River Falls Goldendoodles Spring Safety Tips & Available pups
Sly as a foxtail
It's that time of year again.... foxtail season. Foxtails are a tall grass with long, bristly spikes on each blade (resembling a fox's tail) that can sneak up on your pet and cause serious damage like ruptured eardrums and infections. To prevent foxtail problems, regularly examine your pet's coat after they've spent time outside.
-50% of foxtails are embedded in the coat and skin.
Spring (dental) cleaning
I bet you didn't know that February was National Pet Dental Health Month... and a good time to get your dog or cat's teeth cleaned. Periodontal disease is the most common disorder affecting cats and dogs. Dental disease can cause much more than bad breath for your pet, though; it can cause tooth, bone and gum loss, and lead to heart disease.
-Periodontal disease is irreversible, but also completely preventable.
It's hard to keep up on exercise when it's cold out, but staying cozy inside can lead to extra winter weight on your pet. Overweight pets are more likely to develop serious conditions like diabetes, respiratory and heart diseases, and joint problems. Check with your veterinarian if you suspect you pet has gained weight. They'll help you create a weight loss plan, which may include more exercising and watching food portions.
-Diabetes treatments costs an average annual cost of $1,300 for cats and $2,100 for dogs.
It's spring cleaning time, but household cleaning products introduce a number gif toxins to the home. Soap, bleaches, polishes, and cleaners can irritate your pet's skin and damage their gastrointestinal tract. Cleaning supplies, like sponges or pi[pe cleaners, can also present problems when ingested by a curious pet. To thwart troubles before they start, opt for pet safe cleaning supplies, store unsafe chemicals out of paws' reach, and keep your pet away from where you're cleaning.
It's not easy being green
Now that it's warmer out, it's time to show off that beautiful green lawn! Unfortunately, having the greenest grass on the block can mean using fertilizer that is poisonous and potentially fatal to pets. Keep your furry friend off the grass and away from any treated areas for at least 24 hours or opt for pet-safe products. Be cautious of organic fertilizer too... It's captivating scent might tempt your dog to make a meal out of manure.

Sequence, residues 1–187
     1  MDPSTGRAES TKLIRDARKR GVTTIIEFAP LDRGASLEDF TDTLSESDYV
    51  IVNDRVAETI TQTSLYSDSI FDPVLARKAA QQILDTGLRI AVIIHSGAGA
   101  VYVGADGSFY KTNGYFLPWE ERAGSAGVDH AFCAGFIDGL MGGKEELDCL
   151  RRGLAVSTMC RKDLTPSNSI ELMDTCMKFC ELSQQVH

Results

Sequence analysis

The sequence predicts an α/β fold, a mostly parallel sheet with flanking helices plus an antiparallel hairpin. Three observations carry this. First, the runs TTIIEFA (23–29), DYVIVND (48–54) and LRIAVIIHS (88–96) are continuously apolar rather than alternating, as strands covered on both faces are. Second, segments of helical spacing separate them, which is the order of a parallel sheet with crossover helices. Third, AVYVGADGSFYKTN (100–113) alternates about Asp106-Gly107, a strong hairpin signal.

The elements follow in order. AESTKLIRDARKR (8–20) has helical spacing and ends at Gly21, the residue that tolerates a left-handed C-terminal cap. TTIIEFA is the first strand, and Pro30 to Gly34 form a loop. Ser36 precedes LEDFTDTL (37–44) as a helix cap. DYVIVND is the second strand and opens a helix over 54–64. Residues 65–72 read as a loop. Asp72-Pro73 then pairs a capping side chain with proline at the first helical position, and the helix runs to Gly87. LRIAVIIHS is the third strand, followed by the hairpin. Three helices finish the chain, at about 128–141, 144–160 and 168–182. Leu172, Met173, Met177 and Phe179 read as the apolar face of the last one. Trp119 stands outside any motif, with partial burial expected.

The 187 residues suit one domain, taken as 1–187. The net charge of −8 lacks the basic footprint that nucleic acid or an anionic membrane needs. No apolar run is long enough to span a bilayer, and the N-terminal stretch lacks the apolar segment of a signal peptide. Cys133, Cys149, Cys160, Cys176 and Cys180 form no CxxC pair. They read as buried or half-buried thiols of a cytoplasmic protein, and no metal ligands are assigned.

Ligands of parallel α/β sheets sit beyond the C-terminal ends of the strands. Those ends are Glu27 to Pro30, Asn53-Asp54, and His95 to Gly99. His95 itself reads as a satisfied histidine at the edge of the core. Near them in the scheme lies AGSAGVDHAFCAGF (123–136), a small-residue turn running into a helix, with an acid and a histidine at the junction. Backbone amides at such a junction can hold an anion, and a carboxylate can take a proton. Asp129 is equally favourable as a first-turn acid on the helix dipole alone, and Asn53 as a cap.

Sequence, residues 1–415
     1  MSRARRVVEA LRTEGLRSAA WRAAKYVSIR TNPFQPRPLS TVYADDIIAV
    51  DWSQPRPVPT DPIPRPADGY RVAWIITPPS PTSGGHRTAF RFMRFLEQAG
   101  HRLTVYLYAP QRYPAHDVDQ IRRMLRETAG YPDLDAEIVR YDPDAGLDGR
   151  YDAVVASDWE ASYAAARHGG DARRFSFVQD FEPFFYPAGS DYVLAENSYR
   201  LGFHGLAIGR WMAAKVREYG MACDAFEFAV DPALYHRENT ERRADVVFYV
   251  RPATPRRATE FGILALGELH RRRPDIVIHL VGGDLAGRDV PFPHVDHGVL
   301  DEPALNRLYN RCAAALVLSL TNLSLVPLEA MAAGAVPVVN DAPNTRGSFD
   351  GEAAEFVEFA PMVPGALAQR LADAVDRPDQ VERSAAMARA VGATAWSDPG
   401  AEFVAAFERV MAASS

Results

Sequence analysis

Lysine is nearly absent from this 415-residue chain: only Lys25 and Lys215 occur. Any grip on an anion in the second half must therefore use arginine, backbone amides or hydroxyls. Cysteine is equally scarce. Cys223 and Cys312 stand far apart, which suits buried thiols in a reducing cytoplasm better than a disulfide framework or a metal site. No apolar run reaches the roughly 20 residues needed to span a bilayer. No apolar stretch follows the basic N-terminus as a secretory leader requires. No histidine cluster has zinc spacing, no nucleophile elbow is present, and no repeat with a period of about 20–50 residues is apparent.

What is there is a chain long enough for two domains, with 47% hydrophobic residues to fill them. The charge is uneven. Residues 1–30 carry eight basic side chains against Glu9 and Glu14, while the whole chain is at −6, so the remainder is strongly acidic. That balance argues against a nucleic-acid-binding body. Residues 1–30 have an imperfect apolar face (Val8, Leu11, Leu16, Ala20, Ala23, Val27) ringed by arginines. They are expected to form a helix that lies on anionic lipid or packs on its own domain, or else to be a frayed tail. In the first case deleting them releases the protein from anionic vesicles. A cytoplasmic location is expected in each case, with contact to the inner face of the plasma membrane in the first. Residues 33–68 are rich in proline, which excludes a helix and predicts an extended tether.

April showers bring May flowers
Most pet owners know that certain plants are poisonous to pets, but even your pet-safe blossoms can be troublesome. When ingested, bone meal - often used as fertilizer- and bulbs can make for a very, very sick dog. If you dilute most fertilizers with plenty of dirt or water, it's often safe to use around pets (unless you have a small dog). Cat lovers: remember that Lillies can cause kidney failure if ingested by cats.
Stick it to slugs
Slugs are hard critters to love, especially when their slimy trails cut through your yard and destroy your plants and flowers. While you don't want slugs around your yard or garden, slug bait is extremely dangerous to your pet. The toxins in slug bait are often mixed with sugars to attract the slugs - but it also entices pets. Even a small amount can be fatal, so ask your vet about pet safe slug control options.
Slug bait ingestion can cost up to $3,300 to treat
Dog Park Etiquette 101
🐶Study up on canine body language - know what both playful and aggressive behaviors look like.
🐶Leave toys at home that your pet is unwilling to share.
🐶Make sure your dog comes when called- don't let them give dogs entering the park an overwhelming welcome, and always respect pets who need their space.
🐶Know your dog's "type" and avoid dogs they feel uncomfortable around.
🐶Don't bring your dog to the park if they're sick, behind on vaccinations (including flea, tick and heartworm prevention!), younger than four months old, or have any behavioral issues.
River Falls Goldendoodles - Available puppies
These sweet Loki/Jax pups are ready to come home today. With amazing temperaments and wonderful personalities these pups are ready to please and looking for their forever home. 2 males and 2 females available. Please complete and application or email us directly for more information at firstname.lastname@example.org or call 864-201-9405, 864-906-9633.